“I – suppose,” I sounded flat to my own ears.

“Okay then,” Dad gave a nod of dismissal. “Richard, ask the other members of staff to gather in the office.”

I left the room, feeling rather dazed.

Religion? God? I thought that was all out-dated stuff. Nobody with any sense could believe that anymore!

Entering the parade hall, I glanced at my watch.


I stepped back into the room – and froze with my hand on the doorknob.

“Everyone, shut up! Cadet Thomas has something to say to us.”

Oh no! Alan, how can you!

I directed a quick glare in his direction, but he didn’t notice. Abbie flushed, hesitated and fell out, coming to the front. She picked at her sleeve, raising her gaze for a second and dropping it again.

“Most of you probably know by now that my brother and I are Christians…” she glanced up, and I could see that the barrage of blank stares scared her. She gave a nervous half-smile.

“I know you won’t like it, but believe me, it’s not easy for me to say this.”

She looked down again, fumbling for words. The cadets on parade stood motionless.

“I was wondering…would you mind not swearing using the name of God or Jesus when my brother and I are around, please?”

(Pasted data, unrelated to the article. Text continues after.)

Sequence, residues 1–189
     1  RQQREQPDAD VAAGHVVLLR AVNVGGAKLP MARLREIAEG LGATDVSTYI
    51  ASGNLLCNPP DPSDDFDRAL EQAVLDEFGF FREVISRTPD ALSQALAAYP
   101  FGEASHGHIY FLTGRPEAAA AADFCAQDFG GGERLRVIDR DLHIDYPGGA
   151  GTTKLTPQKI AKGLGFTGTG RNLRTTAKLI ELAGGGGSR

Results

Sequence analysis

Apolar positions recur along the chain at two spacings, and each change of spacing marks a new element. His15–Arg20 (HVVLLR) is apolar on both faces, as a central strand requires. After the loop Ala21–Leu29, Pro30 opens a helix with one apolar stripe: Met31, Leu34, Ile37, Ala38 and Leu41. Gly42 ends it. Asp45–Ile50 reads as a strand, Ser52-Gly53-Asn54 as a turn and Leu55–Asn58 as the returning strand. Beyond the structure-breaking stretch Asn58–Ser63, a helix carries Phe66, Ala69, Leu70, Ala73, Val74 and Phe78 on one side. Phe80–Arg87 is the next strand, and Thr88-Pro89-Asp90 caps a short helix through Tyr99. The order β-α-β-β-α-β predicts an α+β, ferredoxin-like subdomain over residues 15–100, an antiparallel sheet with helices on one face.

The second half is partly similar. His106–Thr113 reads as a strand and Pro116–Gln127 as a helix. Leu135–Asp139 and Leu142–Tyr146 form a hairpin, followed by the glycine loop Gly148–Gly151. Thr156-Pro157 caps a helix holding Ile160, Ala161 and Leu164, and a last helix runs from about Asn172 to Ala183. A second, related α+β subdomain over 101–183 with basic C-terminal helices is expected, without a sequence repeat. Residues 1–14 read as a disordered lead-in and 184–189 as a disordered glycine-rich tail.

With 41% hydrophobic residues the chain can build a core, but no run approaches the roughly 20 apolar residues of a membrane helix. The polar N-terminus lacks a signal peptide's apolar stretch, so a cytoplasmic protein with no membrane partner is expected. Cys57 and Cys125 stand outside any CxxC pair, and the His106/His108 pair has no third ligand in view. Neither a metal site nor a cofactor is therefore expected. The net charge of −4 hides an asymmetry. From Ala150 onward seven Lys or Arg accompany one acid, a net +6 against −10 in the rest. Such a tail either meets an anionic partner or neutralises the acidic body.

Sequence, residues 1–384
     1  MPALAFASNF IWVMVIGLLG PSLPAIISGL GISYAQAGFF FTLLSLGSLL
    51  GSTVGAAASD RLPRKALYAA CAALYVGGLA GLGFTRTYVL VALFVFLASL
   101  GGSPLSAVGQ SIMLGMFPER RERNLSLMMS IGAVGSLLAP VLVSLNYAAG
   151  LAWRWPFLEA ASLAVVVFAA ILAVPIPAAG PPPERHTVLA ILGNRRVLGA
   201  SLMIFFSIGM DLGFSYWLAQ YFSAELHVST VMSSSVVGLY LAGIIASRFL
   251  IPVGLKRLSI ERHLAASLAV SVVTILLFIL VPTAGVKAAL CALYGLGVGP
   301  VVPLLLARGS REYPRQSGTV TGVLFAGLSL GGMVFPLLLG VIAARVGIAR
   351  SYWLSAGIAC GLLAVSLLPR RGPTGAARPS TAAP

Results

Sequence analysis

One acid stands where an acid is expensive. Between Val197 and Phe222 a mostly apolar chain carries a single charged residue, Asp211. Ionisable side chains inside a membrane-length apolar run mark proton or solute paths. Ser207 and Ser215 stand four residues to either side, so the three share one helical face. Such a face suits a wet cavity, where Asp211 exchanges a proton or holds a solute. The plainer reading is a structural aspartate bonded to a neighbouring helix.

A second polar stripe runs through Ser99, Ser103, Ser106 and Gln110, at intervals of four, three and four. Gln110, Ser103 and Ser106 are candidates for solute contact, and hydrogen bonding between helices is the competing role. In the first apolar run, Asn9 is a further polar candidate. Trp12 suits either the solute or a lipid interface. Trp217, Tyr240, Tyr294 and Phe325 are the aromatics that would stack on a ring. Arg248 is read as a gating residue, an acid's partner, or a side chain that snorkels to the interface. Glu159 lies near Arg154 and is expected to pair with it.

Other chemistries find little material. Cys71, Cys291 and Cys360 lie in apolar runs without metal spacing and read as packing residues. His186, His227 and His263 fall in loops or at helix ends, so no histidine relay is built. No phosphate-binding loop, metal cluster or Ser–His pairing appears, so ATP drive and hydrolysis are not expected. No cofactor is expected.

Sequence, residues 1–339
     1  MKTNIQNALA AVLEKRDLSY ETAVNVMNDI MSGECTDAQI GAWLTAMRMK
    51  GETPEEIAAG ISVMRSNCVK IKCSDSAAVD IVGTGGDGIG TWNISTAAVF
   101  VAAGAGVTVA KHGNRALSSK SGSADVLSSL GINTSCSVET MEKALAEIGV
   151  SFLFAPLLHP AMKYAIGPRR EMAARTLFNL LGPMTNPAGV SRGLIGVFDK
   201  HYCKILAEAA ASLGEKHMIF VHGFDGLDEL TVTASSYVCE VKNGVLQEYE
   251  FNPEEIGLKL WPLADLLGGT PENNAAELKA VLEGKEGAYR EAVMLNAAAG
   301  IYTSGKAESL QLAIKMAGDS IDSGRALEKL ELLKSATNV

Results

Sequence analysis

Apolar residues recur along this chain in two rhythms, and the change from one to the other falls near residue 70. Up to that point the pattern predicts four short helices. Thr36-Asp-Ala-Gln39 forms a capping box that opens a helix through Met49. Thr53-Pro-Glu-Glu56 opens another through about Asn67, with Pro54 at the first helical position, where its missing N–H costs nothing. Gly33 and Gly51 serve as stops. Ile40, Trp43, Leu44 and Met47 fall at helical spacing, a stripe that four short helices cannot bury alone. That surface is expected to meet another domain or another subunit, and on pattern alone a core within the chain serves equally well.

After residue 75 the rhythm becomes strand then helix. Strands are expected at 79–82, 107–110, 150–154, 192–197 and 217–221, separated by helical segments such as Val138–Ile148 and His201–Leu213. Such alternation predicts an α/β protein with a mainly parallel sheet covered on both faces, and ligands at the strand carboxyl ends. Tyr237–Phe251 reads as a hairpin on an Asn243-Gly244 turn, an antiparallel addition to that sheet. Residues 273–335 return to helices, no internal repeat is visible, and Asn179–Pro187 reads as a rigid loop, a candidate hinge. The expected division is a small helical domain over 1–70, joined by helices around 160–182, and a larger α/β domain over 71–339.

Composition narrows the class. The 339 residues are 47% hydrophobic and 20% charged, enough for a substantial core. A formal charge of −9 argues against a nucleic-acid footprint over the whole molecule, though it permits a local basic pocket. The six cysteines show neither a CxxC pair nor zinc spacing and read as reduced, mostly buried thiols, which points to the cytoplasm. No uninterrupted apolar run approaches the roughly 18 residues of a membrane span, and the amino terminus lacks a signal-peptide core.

I stared at her, saw her swallow. She shifted. Cdt. Longdon recovered first.

“Did everyone understand that? I think it’s called blasphemy, right, Cadet?”

She glanced at him with gratefulness.

“Yes, Cadet.”

“So we’ll all make an effort, won’t we?”

His tone wasn’t threatening, but firm enough for the cadets to understand he meant it. They stood for a moment, before coming, hesitating, to attention.

“Yes, Cadet.”

I scanned the faces before me with anxiety. The expressions varied from shock, ‘uh-oh, religious nut’, surprise and annoyance.

Oh my life! What in the world is Dad going to say? She’s gone from expressing her views to forcing her beliefs on the other cadets!

My eyes locked on Garland’s face. He stared at Abbie with an expression of near hatred in his eyes. I remembered the rumours I heard in the past of Garland’s father, A. Sgt. Garland, having some religious experience, before backing out of it.

Oh no. Here comes trouble. Garland won’t let this drop.

Longdon stood before me, waiting.'re going to have to wait for the other sections. >:D